Marius Zirra had a dream. He envisioned a grass-roots ballet company with classically trained dancers, an eclectic repertory and a theatrical orientation.

After building the ensemble from scratch for more than a year, Zirra’s dream was realized in 1981, when the Stage 7 Dance Theatre took its first bows. Buoyed by kudos from the critics and a warm reception from local audiences, the Stage 7 Dance Theatre presented seasonal concerts for about three years, despite a lack of financial support from the community.

Even after Zirra, discouraged by fund-raising efforts that fell far short of the mark, departed for greener pastures, Wayne Davis, who took over as artistic director, persevered with the troupe for a brief period before allowing the performing group to slip quietly into oblivion.


Now, after more than three years of inactivity, Stage 7 Dance Theatre is gearing up to try again with a program of ballet and jazz that features a premiere of a dramatic contemporary theater piece and a balletic trio by Davis, two jazz works by Phil Fontilea and a restaging of the ebullient old chestnut, “Tarantella.”

The three-concert series is scheduled for 8 p.m. today and Saturday and 2:30 p.m. Saturday at City College Theatre.

Although Davis is excited about the troupe’s return to the limelight, he has no illusions about the caliber of the company. During a brief lull in rehearsals at the studio, Davis reflected on Stage 7 Dance Theatre’s current status.

“We’re a cut above a school recital, because we’re selective about the dancers,” he said, “and we’ve been working very hard on this (concert).

“Probably four or five of the dancers are professional quality, but we’re really a middle ground between a school and a performing company. We’re very serious about continuing, however. In fact, we’ve already scheduled another concert for May 1 and 2, but I don’t want to say this is the beginning of a professional company.”

What Davis believes will set the revived company apart from the typical dance school recital is the fact that the choreography is all carefully tailored to accentuate the positive and eliminate--or at least obscure--the negative.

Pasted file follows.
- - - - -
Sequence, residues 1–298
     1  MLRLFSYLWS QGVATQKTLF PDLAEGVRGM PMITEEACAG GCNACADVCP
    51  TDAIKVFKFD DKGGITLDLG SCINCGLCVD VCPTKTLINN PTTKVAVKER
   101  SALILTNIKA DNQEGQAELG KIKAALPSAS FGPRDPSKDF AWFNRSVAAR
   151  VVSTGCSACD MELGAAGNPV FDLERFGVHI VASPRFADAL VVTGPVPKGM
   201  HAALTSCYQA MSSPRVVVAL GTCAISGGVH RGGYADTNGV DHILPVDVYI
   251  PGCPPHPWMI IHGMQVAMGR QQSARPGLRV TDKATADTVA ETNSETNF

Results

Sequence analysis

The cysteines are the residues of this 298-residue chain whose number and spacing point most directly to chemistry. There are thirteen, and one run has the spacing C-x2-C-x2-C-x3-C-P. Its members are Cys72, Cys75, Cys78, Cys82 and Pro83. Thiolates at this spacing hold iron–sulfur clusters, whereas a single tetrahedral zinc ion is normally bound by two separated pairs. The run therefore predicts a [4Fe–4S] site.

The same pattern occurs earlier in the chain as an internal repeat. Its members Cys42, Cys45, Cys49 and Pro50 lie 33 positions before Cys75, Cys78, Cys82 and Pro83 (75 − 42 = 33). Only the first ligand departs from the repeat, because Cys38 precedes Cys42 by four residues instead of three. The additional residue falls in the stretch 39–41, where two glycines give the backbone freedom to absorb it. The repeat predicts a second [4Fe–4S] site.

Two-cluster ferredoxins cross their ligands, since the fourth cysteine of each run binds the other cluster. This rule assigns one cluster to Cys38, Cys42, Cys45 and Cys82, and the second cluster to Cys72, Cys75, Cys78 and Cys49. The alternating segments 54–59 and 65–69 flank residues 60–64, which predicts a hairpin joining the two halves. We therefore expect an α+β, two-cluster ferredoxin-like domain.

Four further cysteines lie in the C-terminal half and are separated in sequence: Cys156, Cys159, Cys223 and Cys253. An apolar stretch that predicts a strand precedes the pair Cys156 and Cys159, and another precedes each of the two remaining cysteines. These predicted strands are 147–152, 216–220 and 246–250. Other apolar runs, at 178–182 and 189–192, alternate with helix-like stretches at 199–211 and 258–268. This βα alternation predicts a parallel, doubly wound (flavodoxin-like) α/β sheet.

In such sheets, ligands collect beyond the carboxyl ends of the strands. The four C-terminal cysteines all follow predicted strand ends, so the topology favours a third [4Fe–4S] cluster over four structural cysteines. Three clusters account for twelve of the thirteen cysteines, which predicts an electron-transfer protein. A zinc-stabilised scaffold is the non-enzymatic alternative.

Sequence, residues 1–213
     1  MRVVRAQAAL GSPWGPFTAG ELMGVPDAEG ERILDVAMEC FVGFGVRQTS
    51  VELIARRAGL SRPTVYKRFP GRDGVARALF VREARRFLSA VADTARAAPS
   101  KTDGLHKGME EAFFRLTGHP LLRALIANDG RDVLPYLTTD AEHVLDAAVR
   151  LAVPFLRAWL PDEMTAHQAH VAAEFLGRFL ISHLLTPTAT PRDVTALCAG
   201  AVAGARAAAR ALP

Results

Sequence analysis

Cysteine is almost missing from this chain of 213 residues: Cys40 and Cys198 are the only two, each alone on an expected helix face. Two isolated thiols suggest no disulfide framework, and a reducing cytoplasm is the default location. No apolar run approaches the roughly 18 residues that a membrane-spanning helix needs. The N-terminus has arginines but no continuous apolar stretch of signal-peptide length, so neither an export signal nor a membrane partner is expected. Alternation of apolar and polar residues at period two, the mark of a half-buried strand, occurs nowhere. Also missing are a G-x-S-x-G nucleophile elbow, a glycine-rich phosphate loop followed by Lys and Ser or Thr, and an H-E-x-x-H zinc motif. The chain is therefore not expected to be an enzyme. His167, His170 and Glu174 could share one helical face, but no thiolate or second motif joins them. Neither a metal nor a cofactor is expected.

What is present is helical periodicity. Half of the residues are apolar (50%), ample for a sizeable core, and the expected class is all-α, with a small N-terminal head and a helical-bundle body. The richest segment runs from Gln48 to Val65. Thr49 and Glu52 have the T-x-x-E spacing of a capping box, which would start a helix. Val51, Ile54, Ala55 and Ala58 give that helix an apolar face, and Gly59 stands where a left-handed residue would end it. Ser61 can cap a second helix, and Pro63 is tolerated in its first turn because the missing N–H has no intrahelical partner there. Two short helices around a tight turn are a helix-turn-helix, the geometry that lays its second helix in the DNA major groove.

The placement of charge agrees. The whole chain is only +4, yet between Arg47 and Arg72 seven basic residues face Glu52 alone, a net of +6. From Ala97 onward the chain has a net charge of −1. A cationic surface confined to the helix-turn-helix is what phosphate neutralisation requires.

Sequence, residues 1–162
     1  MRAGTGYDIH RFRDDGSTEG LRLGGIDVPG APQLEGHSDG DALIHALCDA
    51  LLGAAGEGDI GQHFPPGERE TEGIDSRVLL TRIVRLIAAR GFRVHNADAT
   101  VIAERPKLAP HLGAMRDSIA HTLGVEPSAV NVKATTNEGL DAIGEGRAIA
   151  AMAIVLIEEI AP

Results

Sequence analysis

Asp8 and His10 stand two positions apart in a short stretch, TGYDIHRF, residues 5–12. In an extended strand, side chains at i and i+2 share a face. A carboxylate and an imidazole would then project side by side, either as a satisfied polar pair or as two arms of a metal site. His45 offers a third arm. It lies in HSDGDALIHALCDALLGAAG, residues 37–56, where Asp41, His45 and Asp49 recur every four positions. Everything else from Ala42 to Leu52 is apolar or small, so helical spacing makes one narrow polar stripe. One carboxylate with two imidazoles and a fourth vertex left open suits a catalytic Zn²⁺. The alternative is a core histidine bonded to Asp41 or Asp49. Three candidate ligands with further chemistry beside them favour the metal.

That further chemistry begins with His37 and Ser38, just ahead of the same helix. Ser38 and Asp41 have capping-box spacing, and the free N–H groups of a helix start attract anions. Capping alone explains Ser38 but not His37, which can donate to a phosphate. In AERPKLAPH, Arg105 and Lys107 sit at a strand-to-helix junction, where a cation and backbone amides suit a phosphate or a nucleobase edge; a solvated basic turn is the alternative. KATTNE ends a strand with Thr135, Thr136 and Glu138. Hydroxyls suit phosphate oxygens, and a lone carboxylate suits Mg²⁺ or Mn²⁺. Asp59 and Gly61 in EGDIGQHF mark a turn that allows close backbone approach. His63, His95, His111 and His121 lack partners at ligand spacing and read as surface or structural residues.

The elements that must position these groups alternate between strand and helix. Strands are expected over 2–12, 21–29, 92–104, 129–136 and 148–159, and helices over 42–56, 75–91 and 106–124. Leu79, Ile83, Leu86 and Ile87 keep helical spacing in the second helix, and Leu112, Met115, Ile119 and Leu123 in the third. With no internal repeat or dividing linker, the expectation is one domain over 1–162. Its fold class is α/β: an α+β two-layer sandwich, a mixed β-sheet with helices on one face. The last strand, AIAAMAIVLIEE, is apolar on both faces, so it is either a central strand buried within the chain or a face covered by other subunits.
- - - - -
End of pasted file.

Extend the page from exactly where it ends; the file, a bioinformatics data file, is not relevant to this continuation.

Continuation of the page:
“I challenge them in my choreography, but I won’t make it ridiculous,” he said. “I’ll change something rather than have the dancers struggling till the day they’re on stage. We’re on a little shaky ground with ‘Tarantella,’ but ‘Trio’ (a classical pas de trois set to the burnished tones of a Brahms’ work) is quite lovely, and the dancers are extraordinary in ‘Crystals on Her Mind.’ ”

That 47-minute ensemble piece for 24 dancers is a new theater piece that evolved from an old idea. It is scheduled for the finale and Davis expects it to be the highlight of the show.

The thematic structure of “Crystals on Her Mind” revolves around alienation, independence and the vagaries of fate. Stage 7 veterans Kim Clark-Chidley and Kary Stergion dance the parts of the parent figures (or Watchers, as Davis describes them)--the leading roles in this complex dance drama.

Although Davis has had to mount this production with “a zero budget,” the concert will be fully costumed and theatrically lit.

“The costumes are not as lavish as I would have liked,” he said, “but you always work with constraints. If we didn’t have a single costume, if we had to do it in practice clothes, it would still work. The nut, the kernel, is the dancing.”

Davis is convinced there is a future for the Stage 7 Dance Theatre in its hometown, and he’ll be happy with even a modest piece of the performing arts pie.

“I’m interested in presenting programs that the populace can enjoy,” he said. “I’m not interested in some grandiose idea of what ballet is supposed to be. I’m not going to do any ‘Giselles’ or ‘Copellias’ or ‘Nutcrackers.’ We’d love it if we could build audiences, but I just want to touch people in some way.”